The recent decision by the Republican Party of Texas to throw their support behind voluntary ‘reparative therapy’ for gays and lesbians has not been met with approval with all Texas Republicans, including Texas GOP Chairman Steve Munisteri.
Speaking with Texas Public Radio, Munisteri said he doesn’t believe LGBT individuals can be converted to heterosexuality simply by talking to them.
“And I just make the point for anybody that thinks that may be the possibility: Do they think they can take a straight person to a psychiatrist and turn them gay?” Munisteri explained.
According to Munisteri, he has received numerous calls from Texans unhappy with the endorsement of the dubious therapy in the state’s 2014 platform.
“My emails and phone calls to the office are running overwhelmingly opposed to that plank in the platform,” Munisteri said.
The endorsement, as noted in the recently released state platform, states: “We recognize the legitimacy and efficacy of counseling, which offers reparative therapy and treatment for those patients seeking healing and wholeness from their homosexual lifestyle. No laws or executive orders shall be imposed to limit or restrict access to this type of therapy.”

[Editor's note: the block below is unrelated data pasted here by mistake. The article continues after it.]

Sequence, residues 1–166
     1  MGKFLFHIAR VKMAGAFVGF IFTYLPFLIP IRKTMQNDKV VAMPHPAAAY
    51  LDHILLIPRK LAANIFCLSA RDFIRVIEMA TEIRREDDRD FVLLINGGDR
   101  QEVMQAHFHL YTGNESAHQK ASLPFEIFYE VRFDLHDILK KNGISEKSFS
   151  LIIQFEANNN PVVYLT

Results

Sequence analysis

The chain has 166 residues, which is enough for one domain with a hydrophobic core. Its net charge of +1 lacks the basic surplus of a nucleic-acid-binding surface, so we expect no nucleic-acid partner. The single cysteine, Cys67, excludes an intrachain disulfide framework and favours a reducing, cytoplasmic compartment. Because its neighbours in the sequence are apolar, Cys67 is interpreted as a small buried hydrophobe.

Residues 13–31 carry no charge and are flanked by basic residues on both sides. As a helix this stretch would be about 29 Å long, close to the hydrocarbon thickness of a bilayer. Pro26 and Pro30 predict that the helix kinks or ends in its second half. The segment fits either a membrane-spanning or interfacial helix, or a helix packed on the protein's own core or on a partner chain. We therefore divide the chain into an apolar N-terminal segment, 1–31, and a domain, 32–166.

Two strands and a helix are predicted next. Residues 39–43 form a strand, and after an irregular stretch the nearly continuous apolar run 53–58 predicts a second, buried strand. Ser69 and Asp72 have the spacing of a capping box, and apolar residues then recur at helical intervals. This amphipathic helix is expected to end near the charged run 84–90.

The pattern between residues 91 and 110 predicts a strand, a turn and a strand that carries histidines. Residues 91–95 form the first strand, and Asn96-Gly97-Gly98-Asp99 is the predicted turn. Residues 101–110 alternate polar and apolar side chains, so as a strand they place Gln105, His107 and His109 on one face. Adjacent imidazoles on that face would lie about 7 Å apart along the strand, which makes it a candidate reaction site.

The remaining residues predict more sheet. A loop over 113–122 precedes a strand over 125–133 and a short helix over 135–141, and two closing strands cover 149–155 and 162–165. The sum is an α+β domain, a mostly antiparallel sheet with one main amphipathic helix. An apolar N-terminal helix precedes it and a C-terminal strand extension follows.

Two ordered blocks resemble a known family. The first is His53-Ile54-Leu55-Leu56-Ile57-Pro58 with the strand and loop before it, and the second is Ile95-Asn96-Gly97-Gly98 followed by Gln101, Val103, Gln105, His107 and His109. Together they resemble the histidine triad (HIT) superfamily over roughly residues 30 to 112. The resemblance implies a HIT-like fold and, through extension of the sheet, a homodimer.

Reparative therapy, also known as ‘conversion therapy,’ is not recognized by the American Medical Association or the American Psychiatric Association.
Munisteri blamed the inclusion of the controversial plank on his predecessor, Cathie Adams, who worked in concert with others to insert it into the platform using a parliamentary trick.
“Because the way the platform works, once somebody calls the question on the platform it’s a parliamentary maneuver,” Munisteri explained. “The delegates are really forced to pass the platform as is, because if you don’t, there is no platform.”
News of the possible endorsement of the controversial plank was a bone of contention among Texas Republicans prior to the convention that only worsened when the state GOP leadership banned the gay Metroplex Republicans and the national Log Cabin Republicans from setting up informational booths at the annual meeting.
Tom Boggioni is based in the quaint seaside community of Pacific Beach in less quaint San Diego. He writes about politics, media, culture, and other annoyances. Mostly he spends his days at the beach gazing at the horizon waiting for the end of the world, or the sun to go down. Whichever comes first.
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